When you sell your home you must provide all relevant Planning Permission and Building Regulation approvals and supporting paperwork to your Conveyancer.
You must provide e.g. listed building consents, Planning Permissions, Building Regulations consents and completion certificates.
These documents can relate to before you lived at the property but importantly any works carried out by you during your ownership.
But, how do you know if Planning Permission or Buiding Regulation was required?
Welcome to Chapter 23 of our Series, your Conveyancing Questions Answered All in One Place: Planning Permission and Building Regulations
Why The Fuss?
Over recent years, the red tape wrapped around Planning Permission has been so stretched pulled and twisted you can forgive yourself for not being up to speed with exactly what does or doesn’t require Planning Permission and/or Building Regulation Approval for your home.
Annoyingly perhaps, Planning Permission and Building Regulation Approval are not always required when you’re thinking of or adding to or altering your house or garden.
But, the consequences of not having proper approvals can be severe at worst and at best cause considerable delay when you sell your house or flat.
"The consequences of not having proper approvals can be severe at worst and at best cause considerable delay when you sell your house or flat"
The Property Information Form
We have discussed this document already in the series Conveyancing questions answered: all in one place.
You can find all the questions you will be asked in Question 4.
The section asks you about Building works e.g. extension, loft or garage conversion, removal of internal walls
Question 4.2 continues
If Yes to any of the questions in 4.1 and if the work was undertaken during the seller’s ownership of the property: (a) please supply copies of the planning permissions, Building Regulations approvals and Completion Certificates, OR: (b) if none were required, please explain why these were not required – e.g. permitted development rights applied or the work was exempt from Building Regulations
So, you’ll need to be prepared if you wish to avoid any unnecessary delays.
Why the questions are important
Your Conveyancer will check the documentation carefully as part of their due diligence process.
Buyers, please note that where any alterations or improvements have been made since the property was last valued for council tax, the sale of the property may trigger a revaluation.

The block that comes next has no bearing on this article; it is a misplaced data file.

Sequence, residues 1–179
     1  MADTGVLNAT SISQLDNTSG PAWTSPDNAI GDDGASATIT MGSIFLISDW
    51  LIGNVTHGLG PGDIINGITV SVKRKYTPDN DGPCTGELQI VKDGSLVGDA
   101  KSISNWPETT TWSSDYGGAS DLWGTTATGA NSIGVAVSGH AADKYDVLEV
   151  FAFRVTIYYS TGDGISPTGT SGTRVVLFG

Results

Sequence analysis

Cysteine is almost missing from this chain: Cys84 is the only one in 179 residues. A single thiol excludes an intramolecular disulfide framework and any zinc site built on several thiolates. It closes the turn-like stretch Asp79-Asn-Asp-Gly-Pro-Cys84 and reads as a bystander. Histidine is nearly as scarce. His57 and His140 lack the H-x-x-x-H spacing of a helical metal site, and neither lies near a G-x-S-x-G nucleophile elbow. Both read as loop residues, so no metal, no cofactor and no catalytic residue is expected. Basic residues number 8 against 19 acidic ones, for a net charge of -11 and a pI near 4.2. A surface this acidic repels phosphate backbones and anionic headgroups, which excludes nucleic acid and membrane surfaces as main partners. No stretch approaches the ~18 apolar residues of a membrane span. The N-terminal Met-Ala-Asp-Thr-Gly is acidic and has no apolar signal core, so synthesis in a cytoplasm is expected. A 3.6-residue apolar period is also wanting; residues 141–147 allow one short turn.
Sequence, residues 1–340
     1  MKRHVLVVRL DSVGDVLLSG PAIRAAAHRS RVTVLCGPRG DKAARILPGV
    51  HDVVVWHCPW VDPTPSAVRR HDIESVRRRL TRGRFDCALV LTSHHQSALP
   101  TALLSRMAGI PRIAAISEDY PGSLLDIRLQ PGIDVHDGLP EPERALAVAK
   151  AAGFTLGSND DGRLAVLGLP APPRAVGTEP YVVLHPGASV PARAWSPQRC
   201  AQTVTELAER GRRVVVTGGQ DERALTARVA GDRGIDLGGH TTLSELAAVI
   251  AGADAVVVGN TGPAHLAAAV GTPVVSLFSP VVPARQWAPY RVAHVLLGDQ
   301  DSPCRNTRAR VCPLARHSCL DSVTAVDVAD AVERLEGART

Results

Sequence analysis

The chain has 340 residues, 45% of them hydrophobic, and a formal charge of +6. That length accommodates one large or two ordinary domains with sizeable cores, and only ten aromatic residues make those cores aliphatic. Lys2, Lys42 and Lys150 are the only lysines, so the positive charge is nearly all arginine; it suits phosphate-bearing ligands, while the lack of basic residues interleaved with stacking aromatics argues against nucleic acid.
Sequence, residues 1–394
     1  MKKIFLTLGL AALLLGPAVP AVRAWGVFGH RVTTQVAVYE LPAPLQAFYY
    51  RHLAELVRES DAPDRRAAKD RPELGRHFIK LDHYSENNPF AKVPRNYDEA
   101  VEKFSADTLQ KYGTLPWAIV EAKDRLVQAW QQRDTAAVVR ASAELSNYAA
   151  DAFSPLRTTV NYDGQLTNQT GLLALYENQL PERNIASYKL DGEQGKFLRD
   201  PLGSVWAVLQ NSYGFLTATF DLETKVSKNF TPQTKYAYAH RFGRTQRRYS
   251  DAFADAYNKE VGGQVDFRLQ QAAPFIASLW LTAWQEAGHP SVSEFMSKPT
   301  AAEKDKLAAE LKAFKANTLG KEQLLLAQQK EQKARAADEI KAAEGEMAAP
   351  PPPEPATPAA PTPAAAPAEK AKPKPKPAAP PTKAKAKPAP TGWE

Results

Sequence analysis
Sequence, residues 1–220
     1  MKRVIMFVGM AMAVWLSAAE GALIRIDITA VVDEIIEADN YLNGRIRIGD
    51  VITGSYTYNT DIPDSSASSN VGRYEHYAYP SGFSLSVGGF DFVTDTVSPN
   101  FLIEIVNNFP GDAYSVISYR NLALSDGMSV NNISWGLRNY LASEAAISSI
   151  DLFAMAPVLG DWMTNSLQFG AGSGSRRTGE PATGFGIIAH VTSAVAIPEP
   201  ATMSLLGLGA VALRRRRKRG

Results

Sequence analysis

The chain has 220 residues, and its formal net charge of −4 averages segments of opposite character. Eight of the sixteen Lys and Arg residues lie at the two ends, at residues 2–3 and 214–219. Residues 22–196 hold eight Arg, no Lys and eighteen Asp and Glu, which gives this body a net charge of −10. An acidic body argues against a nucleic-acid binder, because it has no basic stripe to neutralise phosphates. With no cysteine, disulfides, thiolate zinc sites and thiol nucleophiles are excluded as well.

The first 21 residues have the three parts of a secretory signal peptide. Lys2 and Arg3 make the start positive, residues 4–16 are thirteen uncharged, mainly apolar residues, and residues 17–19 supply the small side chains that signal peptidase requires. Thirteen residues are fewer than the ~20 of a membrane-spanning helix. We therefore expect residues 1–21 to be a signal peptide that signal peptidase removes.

This may mean that following completion of the sale, the property will be put into a higher council tax band. Further information about council tax valuation can be found here.
How to Quickly Find Out About Planning Permission
So where can you find out quickly what does and does not need planning permission?
You may like to begin your research by going to a rather snazzy Government website at the Planning Portal.
The Planning Portal is the UK Government's online planning and building regulations resource for England and Wales.
On the home page you are invited to click on to a marvellous interactive tool – the Interactive House
Planning Portal Interactive House and Terrace.
You have four choices of either a detached house, a terraced house, a shop, or a flat.
When you click on Open the Interactive House you get a choice or front or rear and by hovering over a particular part of the house and garden the relevant information regarding planning permission will come alive.
What Planning Permission or Building Regulation is Required for a Roof?
So by clicking on the area of the roof you will be informed that:
"New roof lights or skylights will not normally require an application for planning permission providing:
- They do not protrude more than 150mm beyond the plane of the roof slope
- They are no higher than the highest part of the roof
- If they are in side elevation roof slope they must be obscure-glazed and
- Either non opening or more than 1.7 metres above the floor level."
And what about Building Regulations for a Roof?
Again you can expand the tab which will reveal the building regulations.
And before you can do anything to the roof watch out for protected species such as bats as further rules apply.
Interactive Front View of the House
All in all there are clickable areas on Chimneys; Satellite Dishes, Aerials and Antennae; Roof Windows; External Walls and Fascia; Burglar Alarms; Windows and Doors; Porches; Maintaining Drainpipes; Paving Your Front Garden; Trees and Hedges; Fences, Walls and Gates; Manhole and Drain Covers; Driveways and Hard Standings; Extensions and Additions; CCTV; Fuel Tanks; Sheds and Garages and last but not least Wind Turbines.
Pretty comprehensive, I’d say.
Interactive Rear View of the House
Out of sight but not out of Planning Permission range comes information on Conservatories; Dormer Windows; Maintaining Drain Pipes; Patios and Decking and last and perhaps least for most what planning permissions are required for Air Source Heat Pumps.
How Planning Permissions Affect the Sale of Your House
Selling your home is likely to be a stressful event so by having better information before you decide to do work on your home will be time well spent and help you avoid future delays.
We recommend you take the Planning Portal for a spin before making any planning permission or building regulation applications to your Local Authority.